A photograph of the Board Room at Glasgow Royal Infirmary at the end of the 19th century. The list of names on the wall to the right appears to include subscribers or donors. Next to each name is the amount which they contributed to the infirmary's funds.
The Royal was a "voluntary" hospital (financed by voluntary contributions from subscribers and donors) from its opening in 1794 until 2 July 1948, when it was placed under the control of the National Health Service's Western Regional Hospital Board. Under its Charter of Incorporation of 1791, the infirmary was managed by a board of twenty-five managers or directors, eight of whom were elected by public bodies and ten by the general court of major contributors.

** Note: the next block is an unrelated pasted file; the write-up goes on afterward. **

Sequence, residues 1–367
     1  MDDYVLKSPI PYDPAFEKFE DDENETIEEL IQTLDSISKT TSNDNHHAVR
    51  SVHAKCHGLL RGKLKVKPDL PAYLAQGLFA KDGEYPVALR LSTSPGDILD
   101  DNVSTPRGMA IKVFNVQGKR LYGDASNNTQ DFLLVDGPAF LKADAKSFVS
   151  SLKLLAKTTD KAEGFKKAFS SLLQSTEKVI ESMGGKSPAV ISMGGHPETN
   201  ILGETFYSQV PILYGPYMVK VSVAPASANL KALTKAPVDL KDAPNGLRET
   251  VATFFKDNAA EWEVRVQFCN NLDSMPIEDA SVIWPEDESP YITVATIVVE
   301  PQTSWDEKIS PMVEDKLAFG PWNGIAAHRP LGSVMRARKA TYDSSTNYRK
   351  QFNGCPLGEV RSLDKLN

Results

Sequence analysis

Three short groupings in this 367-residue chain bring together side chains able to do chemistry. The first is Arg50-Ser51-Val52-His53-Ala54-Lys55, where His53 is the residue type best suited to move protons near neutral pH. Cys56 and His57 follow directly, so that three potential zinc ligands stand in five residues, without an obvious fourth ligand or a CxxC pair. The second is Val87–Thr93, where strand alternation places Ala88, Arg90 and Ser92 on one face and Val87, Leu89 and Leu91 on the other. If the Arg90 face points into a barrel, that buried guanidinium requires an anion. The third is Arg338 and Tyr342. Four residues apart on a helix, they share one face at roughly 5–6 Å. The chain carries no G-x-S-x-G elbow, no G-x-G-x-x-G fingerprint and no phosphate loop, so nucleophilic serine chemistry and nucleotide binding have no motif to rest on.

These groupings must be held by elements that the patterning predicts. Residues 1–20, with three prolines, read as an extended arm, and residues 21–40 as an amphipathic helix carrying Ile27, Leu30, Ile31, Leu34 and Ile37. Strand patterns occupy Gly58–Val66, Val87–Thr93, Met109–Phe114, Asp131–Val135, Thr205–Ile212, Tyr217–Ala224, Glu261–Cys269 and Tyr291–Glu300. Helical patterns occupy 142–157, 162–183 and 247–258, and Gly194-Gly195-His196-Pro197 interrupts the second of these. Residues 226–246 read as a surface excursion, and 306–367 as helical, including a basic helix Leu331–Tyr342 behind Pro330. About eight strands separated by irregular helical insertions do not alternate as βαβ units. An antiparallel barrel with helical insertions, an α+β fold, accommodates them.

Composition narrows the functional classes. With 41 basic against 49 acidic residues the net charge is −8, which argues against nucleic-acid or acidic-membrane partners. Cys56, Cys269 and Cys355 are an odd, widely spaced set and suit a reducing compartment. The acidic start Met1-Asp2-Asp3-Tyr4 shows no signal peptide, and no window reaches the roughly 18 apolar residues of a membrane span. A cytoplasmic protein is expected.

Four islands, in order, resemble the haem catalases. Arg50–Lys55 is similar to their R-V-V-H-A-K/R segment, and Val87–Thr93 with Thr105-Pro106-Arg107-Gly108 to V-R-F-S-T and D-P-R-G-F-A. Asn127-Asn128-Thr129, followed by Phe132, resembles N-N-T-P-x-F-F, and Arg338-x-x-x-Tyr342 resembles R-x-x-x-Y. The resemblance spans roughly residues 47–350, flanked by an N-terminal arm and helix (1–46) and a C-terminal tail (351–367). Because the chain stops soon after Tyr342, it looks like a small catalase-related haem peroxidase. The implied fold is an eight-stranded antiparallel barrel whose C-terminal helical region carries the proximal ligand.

Initially, those who paid a lump sum of £10 or an annual subscription of 1 guinea (£1.10p) were entitled to recommend one patient each year to be admitted to the Royal for treatment. Higher donations entitled the subscriber to recommend up to four individuals. Subscribers ranged from local merchants and industrialists to church congregations and members of the landed gentry.
Reference: RCPSG 28/36
Reproduced with the permission of the Royal College of Physicians and Surgeons of Glasgow
board rooms, donors, Glasgow Royal Infirmary, hospitals, philanthropists, subscribers, voluntary hospitals